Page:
In the words of the famous Cornish philosopher Jethro, ‘now before we start‘, if you look on the Ordnance Survey map at grid reference SX 62155 82471 you will find ‘Statt’s House’. That in itself is fairly unique because look in almost any respected book about Dartmoor and you won’t find it, but you will find ‘Stat’s House’. This well known ‘residence’ has over the centuries become a familiar landmark for those travelling across the dome comprising of Kit Hill, Stat’s House Hill and Maish Hill (now marked on the OS map as Winney’s Down). In fact the tracks leading to Stat’s House are now that well defined that they can be seen on Google Earth from an altitude of 10,915ft. So what is Stat’s House?
Today Stat’s House is but a small ruin whose walls stand to about 1m high, which in Dartmoor terms is not bad. The only purpose it serves is a meagre shelter in bad weather and a handy lunch-stop fro hungry ramblers. Also over the years it has been the subject of many letterboxes and in the early days a site for such. Hemery, (1983, p.494) relates how up to 1960 the door lintel was still in place along with the visible fireplace and cupboard recess. The house has at some point in time given its name to the very hill upon which it stands – Stat’s House Hill. English Heritage simply classify the structure as a ‘shelter’ dating to the post medieval period which would date it to between 1540 and 1901. Butler, (1991, p.154) suggests that the actual stone used to build the ‘house’ was probably taken from the old cairn with which it shares the hilltop.
About 60m to the north-west of the house lies the entrance to a peat pass also known as Stat’s House cut and here lies a clue to the house’s purpose. As can be seen from the map below, Stat’s House is virtually surrounded on all sides by water which is also a good indicator for marsh and mire, these in turn eventually result in peat formations.
It was the ‘Black Stuff’ that brought men onto the hill and as can be seen from the aerial photograph this is a wild and desolate place with civilisation miles away. Therefore when these peat cutters went to work it meant a long trek which would have been exhausting if travelled each day. So the simple answer was to build a house and live up on the moor whilst cutting and drying the peat. Not only did these simple abodes act as a temporary homes they also served as a storehouse for tools and a shelter from the onslaught of the Dartmoor storms. Nobody knows exactly when, but sometime in the past, a peat cutter called ‘Stat’ came up on the hill to cut peat and build his shelter which later became known as ‘Stat’s House’.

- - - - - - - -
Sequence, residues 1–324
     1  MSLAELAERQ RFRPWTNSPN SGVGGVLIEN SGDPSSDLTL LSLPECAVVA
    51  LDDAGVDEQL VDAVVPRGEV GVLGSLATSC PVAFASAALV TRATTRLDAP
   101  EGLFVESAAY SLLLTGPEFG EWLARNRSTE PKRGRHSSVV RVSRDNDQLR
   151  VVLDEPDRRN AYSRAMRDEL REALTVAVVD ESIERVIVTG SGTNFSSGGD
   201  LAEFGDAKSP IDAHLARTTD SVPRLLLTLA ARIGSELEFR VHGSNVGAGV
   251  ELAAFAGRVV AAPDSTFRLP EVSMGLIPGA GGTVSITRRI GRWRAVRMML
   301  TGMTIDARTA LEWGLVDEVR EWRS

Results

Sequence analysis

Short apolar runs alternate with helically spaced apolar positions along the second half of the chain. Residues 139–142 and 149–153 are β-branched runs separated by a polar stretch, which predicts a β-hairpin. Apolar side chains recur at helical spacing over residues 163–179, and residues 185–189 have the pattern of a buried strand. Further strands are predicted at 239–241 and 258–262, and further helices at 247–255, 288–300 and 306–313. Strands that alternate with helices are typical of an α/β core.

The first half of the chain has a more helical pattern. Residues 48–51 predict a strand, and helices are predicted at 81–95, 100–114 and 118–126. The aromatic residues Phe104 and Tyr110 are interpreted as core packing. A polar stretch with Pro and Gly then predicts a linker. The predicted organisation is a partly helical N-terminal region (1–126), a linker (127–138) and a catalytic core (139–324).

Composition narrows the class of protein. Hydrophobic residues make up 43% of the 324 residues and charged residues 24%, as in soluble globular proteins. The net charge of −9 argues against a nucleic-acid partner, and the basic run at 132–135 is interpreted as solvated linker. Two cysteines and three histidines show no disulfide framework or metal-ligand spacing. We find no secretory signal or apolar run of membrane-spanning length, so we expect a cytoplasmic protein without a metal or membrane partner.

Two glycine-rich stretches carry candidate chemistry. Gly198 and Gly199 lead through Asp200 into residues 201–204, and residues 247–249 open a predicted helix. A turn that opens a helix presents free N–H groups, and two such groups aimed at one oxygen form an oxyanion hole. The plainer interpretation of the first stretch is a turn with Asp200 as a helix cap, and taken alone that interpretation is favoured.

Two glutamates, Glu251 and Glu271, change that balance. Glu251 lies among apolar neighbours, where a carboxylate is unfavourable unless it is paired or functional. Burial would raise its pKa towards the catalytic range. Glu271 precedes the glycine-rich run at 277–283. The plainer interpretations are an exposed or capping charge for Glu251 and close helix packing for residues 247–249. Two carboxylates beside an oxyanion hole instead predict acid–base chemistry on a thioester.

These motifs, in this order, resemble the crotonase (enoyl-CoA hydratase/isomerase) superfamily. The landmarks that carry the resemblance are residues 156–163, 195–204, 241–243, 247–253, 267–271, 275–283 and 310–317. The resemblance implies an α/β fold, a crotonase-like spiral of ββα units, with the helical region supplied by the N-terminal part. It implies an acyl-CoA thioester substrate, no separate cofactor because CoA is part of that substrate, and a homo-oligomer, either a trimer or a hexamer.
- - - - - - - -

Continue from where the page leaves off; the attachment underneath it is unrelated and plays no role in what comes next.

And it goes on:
As noted above, he saved his time and labour transporting the stone to build his home by simply robbing it from a nearby prehistoric cairn, the remains of this house today are as follows:
‘The structure is sub-rectangular, with a rounded N end, and measures 3.6m N-S and 2m E-W. The walls, of coursed moorstone blocks, are 0.8m wide and stand up to 1m high on average. At the S end is a fireplace and here the wall survives up to 1.7m high. The interior is paved with granite slabs and an entrance lies in the E wall, close to the SE corner. There is evidence of peat cutting in the area, and the building was most likely used for shelter and storage by the peat cutters,’, (Riley, 1994, on-line source).
Anybody visiting Stat’s House today can see what stunning views are afforded from this hilltop abode which I am sure would have been an added bonus to it’s location. Remote and as bleak as it is, money today could not but such an aspect with the added bonus of very few neighbours, a whole host of water supplies and good, clean Dartmoor air. Although whether contiguous or not, there is another peat cutters hut about 300 metres away and three tinner’s huts about a kilometre distant so perhaps that would have been some company for Mr. Stat?
Butler, J. 1991. Dartmoor Atlas of Antiquities – Vol. II, Exeter: Devon Books.
Hemery, E. 1983. High Dartmoor, London: Hale Publishing.
Riley, H. 1994. Stat’s House – RCHME Field Investigation, English Heritage Pastscape Record – on-line source – HERE